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Found 3 results

  1. Hi guys, I applied for the MES fall 2018 at Penn and i'm yet to hear back from them. I just want to know if anyone else applied and is equally waiting to hear back. I submitted my application before their April 1 deadline but completed my application end of may , that's 6 weeks till date. I have written to the school and i was advised to wait two more weeks (which ended Friday). Should i be worried? Eek ? considering i'm international and would probably have to apply for form i20, campus housing and student visa.
  2. Greetings, Long-time lurker, first-time poster. I figured it might be worthwhile to get a reality check from some of my peers on here, as you all would know better than many of the real-world people I know about the MES world and what their admissions processes look like. I could really use some perspective and context about this matter, so some feedback would be greatly appreciated. I am in an unconventional situation where: a) I am adamant about transitioning into academia/the humanities to study the Middle East with a focus on the intellectual history of the Levant and Ottoman Empire. b ) I have a B.Sc. in Business Administration from a top 50 public school in New England, where I double concentrated in Finance and Production Operations Management, and double minored in Statistics and English (GPA 3.20). c) my work experience in the four years since graduation has been at a tech start-up that has no relation to my academic interests. d) I do not have a thesis or any worthy research papers to provide as writing samples, (although I do have some critical analyses from somewhat pertinent (i.e. post-colonial studies) classes that I could tidy up and submit instead). On the other hand, these are the merits and motivations that compel me to pursue education in MES: 1) I quit my job a few months ago to focus on making this transition and explore my academic interests. That has involved me traveling throughout Turkey and the Arab world, as well as studying a lot of pertinent academic and literary texts on my own (Said, Massad, Ahmed, Soueif, Saleh, Hafiz, Darwish, etc). 2) I speak (and write/read, to a lesser extent) Arabic fluently, having lived in Jordan during my high school years (although US born, I am of Palestinian origin). I am currently in Palestine volunteering on a construction project, but my intention in the next few months is to relocate to Turkey (after finishing up with grad school apps) to learn and experience the Turkish language/society. 3) The more I study, the more interested I become in understanding the world through the intellectual lens of the Arab world, as reflected and informed by its cultural artifacts, society, and intellectual history. 4) I have long been interested in (and intermittently engaged) in the politics and affairs of the Arab world (ex: I founded and led a Students for Justice in Palestine coalition on my campus, attended the international Arabic debate tournament in Qatar on behalf of my university.) 5) I am privileged in the exposure and access I have been afforded in the Middle East over my lifetime: I have spent extended periods of time getting to know many villages/communities throughout Palestine, I know Amman and its society extremely well, and I have lived in two different emirates in the UAE. I have read literature from all over the Middle East. 6) I am in a fortunate situation where I do not need to go into debt to pay off a terminal MA 7) I have somewhat compensatory LORs in that they come from my more academic literature/humanities professors, and not from my quantitative/Business professors So, considering all of the above, what I need help figuring out is: 1. Considering my irrelevant academic and professional background, not to mention relatively low GPA, do I even stand a chance at getting into a reputable program in the US? From my research it appears that most academic (as opposed to security/intelligence)-focused programs are housed at the nation's most elite institutions, and thus I am looking to apply to the following programs (Columbia MESAAS, Harvard CMES, NYU, Princeton, UChicago) - Am I missing any programs, particularly ones with easier admissions? Are British universities (SOAS, Oxbridge, King's) more merciful in that regard? 2. Is there anything in particular about my profile that I should emphasize in my SOP - anything I already have that grad school admins love to see? - The way I see it, I am lacking in GPA (taking the GRE next month) and academic background (save for my English minor), but I do have the language skills and the regional experience in addition to a strong personal interest in the academics of it all (enough to be making a deliberate career pivot, as I am). After all, this is a passion-driven endeavor I am undertaking. Are any of these points particularly valuable? 3. Is a college essay entitled "The conflict of Afro-Islamic Spirituality and Western Modernity as depicted in “Ambiguous Adventure” going to cut it as a writing sample? Considering I do not have a mentor/professor to advise on the process, would it still be better if I wrote something more pertinent/up-to-date from scratch? - Frankly, I just do not have many papers from my undergraduate that are in excess of 10-15 pages, let alone ones that are of material relevance to the programs I am applying to. My hope was to edit this paper thoroughly and use it in lieu of a research paper or thesis. 4. Can my unconventional background as a Business major and tech industry member be regarded as a positive? If not, are there any obvious ways in which I could spin it as such? - I worry that I was incorrect in my early assumption that my background is not a serious hinderance to my prospects, and that it might in fact help me stand out as a truly interested/invested candidate. Is that baseless? Looking at this forum and the MES/poli sci undergrads wielding 3.8+ GPAs, three languages, and highly relevant experience... I begin to doubt the value of my earnestness to these grad admission boards. Thank you, thank you, thank you for reading all of this. I look forward to getting some guidance from any fellow hopefuls or admittees - any context/perspective will help me evaluate how to best allocate and apply my efforts. Your responses are greatly appreciated!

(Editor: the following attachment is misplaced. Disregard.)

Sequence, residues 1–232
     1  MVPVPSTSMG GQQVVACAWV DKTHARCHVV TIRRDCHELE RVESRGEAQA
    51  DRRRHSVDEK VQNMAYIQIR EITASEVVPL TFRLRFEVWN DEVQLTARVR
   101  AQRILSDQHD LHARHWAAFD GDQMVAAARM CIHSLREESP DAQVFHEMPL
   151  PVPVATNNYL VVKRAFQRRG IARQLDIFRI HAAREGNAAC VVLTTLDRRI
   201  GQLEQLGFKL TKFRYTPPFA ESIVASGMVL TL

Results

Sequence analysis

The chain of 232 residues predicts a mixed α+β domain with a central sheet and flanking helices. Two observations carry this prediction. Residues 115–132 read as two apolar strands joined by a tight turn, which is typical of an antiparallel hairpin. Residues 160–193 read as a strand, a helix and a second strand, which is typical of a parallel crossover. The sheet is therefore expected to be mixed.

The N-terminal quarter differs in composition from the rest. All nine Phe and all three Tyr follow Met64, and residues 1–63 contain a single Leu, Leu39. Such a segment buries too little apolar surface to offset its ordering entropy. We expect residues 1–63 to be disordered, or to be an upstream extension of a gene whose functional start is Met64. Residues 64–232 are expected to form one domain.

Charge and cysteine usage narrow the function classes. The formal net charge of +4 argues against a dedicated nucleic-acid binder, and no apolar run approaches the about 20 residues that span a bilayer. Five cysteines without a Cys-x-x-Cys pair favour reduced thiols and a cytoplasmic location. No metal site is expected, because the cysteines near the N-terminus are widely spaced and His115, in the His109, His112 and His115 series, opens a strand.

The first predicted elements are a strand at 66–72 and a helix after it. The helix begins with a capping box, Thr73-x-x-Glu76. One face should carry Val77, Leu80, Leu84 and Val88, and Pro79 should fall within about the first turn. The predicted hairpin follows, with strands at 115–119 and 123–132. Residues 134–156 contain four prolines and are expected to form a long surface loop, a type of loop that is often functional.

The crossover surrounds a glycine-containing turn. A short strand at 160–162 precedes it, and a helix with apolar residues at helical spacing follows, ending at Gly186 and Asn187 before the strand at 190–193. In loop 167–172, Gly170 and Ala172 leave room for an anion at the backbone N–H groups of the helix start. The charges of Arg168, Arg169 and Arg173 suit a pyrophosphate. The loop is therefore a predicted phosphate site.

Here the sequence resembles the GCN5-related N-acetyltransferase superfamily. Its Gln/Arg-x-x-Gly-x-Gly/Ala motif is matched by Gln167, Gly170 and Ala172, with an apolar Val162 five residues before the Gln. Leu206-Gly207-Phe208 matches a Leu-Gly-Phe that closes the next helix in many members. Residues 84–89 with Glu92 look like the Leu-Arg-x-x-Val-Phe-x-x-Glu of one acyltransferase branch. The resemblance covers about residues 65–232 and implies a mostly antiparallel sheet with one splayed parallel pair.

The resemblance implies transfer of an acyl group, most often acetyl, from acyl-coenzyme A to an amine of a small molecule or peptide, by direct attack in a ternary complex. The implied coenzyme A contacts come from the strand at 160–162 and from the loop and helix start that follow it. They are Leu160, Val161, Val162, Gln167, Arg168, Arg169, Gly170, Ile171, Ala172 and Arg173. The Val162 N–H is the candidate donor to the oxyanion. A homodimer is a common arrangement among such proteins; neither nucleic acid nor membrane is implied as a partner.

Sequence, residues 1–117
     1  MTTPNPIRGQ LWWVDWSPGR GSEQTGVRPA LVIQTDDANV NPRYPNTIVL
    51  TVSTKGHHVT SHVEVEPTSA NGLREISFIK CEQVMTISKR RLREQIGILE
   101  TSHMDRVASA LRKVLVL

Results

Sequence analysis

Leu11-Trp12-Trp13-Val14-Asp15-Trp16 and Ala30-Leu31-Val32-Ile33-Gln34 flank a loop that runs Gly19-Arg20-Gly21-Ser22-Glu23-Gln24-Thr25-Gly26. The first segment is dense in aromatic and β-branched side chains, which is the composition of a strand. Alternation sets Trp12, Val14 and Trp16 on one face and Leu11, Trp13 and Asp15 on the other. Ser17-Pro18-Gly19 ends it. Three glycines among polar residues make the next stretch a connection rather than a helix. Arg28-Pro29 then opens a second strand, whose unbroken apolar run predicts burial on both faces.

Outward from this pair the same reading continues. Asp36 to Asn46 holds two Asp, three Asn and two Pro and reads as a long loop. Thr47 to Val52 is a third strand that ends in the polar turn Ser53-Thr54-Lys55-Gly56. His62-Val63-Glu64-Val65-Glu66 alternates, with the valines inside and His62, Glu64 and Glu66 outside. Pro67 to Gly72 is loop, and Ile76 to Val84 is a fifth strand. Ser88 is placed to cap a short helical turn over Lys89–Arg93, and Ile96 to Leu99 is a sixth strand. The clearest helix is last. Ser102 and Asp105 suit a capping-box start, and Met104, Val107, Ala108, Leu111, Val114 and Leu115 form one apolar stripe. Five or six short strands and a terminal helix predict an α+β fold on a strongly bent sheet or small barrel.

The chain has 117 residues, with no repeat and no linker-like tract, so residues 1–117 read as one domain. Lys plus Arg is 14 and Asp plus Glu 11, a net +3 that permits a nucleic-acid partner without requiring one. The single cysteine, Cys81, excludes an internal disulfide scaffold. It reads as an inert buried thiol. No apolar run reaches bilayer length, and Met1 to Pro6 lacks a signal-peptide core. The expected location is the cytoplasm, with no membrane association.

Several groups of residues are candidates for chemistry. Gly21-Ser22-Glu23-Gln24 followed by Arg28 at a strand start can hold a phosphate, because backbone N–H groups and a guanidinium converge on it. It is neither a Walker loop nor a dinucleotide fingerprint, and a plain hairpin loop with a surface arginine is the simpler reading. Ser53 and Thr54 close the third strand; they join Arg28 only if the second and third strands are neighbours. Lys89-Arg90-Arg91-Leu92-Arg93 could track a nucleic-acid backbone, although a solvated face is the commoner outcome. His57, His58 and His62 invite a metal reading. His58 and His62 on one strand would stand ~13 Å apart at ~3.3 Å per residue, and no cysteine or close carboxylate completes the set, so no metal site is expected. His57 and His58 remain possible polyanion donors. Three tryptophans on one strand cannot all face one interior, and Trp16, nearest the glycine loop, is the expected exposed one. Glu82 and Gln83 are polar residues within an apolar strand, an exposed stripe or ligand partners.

3. Hi all! I’m a non-US citizen(Korean) trying to apply for Arab Studies programs in UC, JHU, etc. After a short period in the private sector, I realized I wasn’t cut out for strict hierarchy and was more inclined towards creating knowledge, rather than standing aside as a bystander and consuming it. But being a non-US citizen living in Seoul, there are considerable risks in jumping on the boat, and was hoping somebody here who has hit similar walls would be so kind to answer some of these. I had a few questions regarding the application and future prospects. I have good TOEFL and GRE, I don’t have problem with Modern Standard Arabic, and I’m interested in IR(neo-realist perspective), political economy, and the dynamics between state policy/institutions and gender/individual identity/nation, etc. 1) As you can see from above my interests are scattered, and that’s mainly because here it’s really hard to get your hand on the mainstream discourse in regards to MENA. What are the mainstream topics? Is it quantitative or qualitative? Who does it well? I’ve read works of Lisa Anderson and Gregory Gaus the third, but any others? 2) What are the future job prospects for Arab Studies graduates/or non-US citizens with an MA? : I know this is a pathetic question, but it’s a pathetic question that needs its answer, especially when I’m unsure whether to pursue my ph.d and I've burnt enough bridges to make it almost impossible to come back to Korea. 3) Lack of experience : Being born and raised in Far East I don’t have any heritage/roots or firsthand experience of the region. I have only worked as a translator in NGOs in Korea, mainly translating documents. Will this lack of experience have consequences in my application? Can a good GRE and SOP make it up for it? Thanks in advance!